Mr. V. Venugopal, President of the CCCI also spoke on the occasion.

Ms. Malini Dutt made a Powerpoint presentation on the Port of Antwerp. She said that the Port was considered as a perishables hub with a 2 million cubic meters of temperature-controlled warehousing capacity. The port handles 7.2 million tonnes of freight with containers, steel, and gasoline being its top three cargos.  The Port of Antwerp plays a crucial role in the Belgian economy by contributing 5% to its GDP and provides 149000 jobs in the country. She added that the Port had warehouses that were GDP and ISO certified and offered value-added services including galvanizing steel, sorting, packing and real-time temperature and location monitoring of cargo. It was noted that the Port of Antwerp offered the least terminal handling costs compared to others in Europe. Pre-clearance of the vessel while still at sea, digital procedures, integrated customs, and food inspection services are the other advantages that the Port offers. Ms. Dutt said that the Port of Antwerp also acted as a transshipment hub for those exporters looking to send their cargo to countries like Russia and Morocco.

The Port of Antwerp acts as a major gateway to UK and Germany because of its strategic location and 46% of its maritime traffic is attributed to Eastern Europe. With an extensive waterway network, barge services, and rail connectivity to central and Eastern Europe, this Port is very well linked to entire Europe thus making it cost-effective and efficient.

Mr. Ben Van Wolput also had a presentation for the audience outlining the facilities at the Antwerp Cold Store. It was observed that the changing diet of the emerging nations and a growing demand for European food products increased the import of food into the continent. Antwerp Cold Stores is located on the left bank of the Port of Antwerp and operates on a site of 56.000 square meters. The company accommodates a warehouse which has a capacity of 8500 pallets for frozen foodstuff and 7500 for chilled products. The Antwerp Cold Stores offer solutions for the import of perishable food and agricultural products into Europe via the Port of Antwerp and claims that its business model is commodity-focused. Freight, documentation, handling and storage, transportation and shipment monitoring are the main services offered by the Company. He also compared the import services via the Port of Antwerp namely direct deliveries, import via VAT warehouse and import via a bonded warehouse.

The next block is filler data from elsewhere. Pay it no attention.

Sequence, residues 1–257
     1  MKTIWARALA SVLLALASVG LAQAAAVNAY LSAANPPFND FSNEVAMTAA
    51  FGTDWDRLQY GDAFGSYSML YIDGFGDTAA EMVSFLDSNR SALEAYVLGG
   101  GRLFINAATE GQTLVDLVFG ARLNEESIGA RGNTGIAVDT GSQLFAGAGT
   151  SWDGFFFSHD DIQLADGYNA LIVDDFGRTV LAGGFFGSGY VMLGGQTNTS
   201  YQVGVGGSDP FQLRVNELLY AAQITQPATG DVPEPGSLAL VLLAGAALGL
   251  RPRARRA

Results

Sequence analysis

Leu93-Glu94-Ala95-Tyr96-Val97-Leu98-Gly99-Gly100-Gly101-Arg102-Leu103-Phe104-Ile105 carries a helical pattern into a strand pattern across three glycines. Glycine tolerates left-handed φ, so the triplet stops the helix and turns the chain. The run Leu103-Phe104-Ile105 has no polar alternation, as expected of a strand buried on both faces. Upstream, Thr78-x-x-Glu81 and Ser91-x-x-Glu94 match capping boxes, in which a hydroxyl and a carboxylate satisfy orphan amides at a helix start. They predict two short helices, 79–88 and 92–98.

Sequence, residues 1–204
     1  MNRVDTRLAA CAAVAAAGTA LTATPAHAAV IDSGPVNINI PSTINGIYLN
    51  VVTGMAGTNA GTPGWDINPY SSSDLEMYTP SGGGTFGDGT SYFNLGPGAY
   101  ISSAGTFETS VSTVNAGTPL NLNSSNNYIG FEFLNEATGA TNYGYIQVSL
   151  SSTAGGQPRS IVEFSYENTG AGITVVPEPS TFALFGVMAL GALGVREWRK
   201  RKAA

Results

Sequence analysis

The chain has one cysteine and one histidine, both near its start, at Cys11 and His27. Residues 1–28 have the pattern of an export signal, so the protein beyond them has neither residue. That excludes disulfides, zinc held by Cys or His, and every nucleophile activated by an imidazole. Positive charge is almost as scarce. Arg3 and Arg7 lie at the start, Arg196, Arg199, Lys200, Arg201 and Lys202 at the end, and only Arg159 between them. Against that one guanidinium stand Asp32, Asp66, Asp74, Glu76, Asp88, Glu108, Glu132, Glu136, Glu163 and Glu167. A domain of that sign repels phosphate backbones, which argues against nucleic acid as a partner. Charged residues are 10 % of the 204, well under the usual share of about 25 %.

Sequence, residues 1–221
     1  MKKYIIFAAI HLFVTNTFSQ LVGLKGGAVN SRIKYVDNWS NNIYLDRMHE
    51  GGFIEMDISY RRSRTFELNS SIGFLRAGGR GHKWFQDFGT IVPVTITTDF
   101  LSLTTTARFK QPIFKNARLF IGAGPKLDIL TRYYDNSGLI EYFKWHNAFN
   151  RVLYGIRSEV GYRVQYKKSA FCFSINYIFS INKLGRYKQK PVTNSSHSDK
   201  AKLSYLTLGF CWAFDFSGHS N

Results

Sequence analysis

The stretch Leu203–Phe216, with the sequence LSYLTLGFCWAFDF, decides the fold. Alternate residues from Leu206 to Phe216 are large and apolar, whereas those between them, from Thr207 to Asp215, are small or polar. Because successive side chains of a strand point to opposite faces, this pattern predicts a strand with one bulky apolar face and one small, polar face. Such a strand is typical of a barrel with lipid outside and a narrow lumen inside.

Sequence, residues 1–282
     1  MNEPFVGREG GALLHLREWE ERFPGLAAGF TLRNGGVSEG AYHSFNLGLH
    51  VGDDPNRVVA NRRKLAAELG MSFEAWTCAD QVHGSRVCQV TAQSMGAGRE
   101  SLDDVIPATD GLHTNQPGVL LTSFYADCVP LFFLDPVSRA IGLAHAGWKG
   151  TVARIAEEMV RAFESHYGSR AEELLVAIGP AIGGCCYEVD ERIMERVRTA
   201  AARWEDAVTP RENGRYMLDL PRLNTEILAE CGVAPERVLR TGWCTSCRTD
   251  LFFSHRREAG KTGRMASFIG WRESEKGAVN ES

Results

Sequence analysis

The floor was then open for discussions wherein queries, pertaining to Brexit and also the necessary documents required for sending cargo were discussed. According to Ms. Dutt the Antwerp Cold Stores had an advantage of receiving more cargo that would otherwise have gone to UK thanks to Brexit. Mr. Ben Van Wolput also added that the Antwerp Cold Stores offered a few value added services including wine tasting and even a meeting hall in their office for their clients who wished to meet their end customer .He said that the Port of Antwerp is customer-centric and a far more friendlier port than the other European ports like the Hamburg and Rotterdam. During the discussions he said that their storage facility stocked imported chocolates from Switzerland and also products including butter and milk from New Zealand.

Mr Vijayakumar of FIEO proposed the Vote of Thanks.

The Session ended at 6:30 pm.

Port of Antwerp - An Optimal Supply Chain Provider in Europe| 03.12.2018

CEO FORUM - "Indian Economy - Half Full or Half Empty" | 07.12.2018

The Cochin Chamber of Commerce and Industry conducted its CEO Forum’s – 13th Breakfast Meeting on Friday, 7th December 2018 at the Taj Gateway Hotel, Ernakulam.

Mr. K. Harikumar, Vice President of the Chamber delivered the Welcome Address and introduced the Speaker for the meeting. Mr. Manoj Mullath, Founder & Head – Wealth & Key Relationships, Capricorne Mindframe spoke on “The Indian Economy – Half Full or Half Empty.”

The economy of India is a developing one and today it is one of the fastest growing economies in the world and has the potential to be one of the top three global economic powers of the world over the next 10-15 years. But experts are of the opinion that the economy is in for a slow down due to tight financial conditions, stressed agricultural sector and slower exports.

Mr. Mullath gave the meeting an insight into India’s demographics like India’s share of world population, its current population growth, religion, ethnicity, India’s linguistic share vs. the world’s etc. He also mentioned that India contributes 3.27% to the World GDP and also explained its roller coaster ride in the capital markets for the past 34 years. One major revelation is that the Indian households have more gold than the total gold reserves of the USA, Germany and the IMF, he said.

As per latest data, the Indian economy grew at the slowest pace in three quarters at 7.1% GDP growth. But with effective reforms and techniques, India could bounce back. Mr. Mullath explained in detail how India could improve its economy. India is a country where unemployment is still an issue despite having a considerable literacy rate. Most of the employment generators have underperformed. In the case of investments also India is below par. Despite the facilitations, the investment cycle is elusive, he said.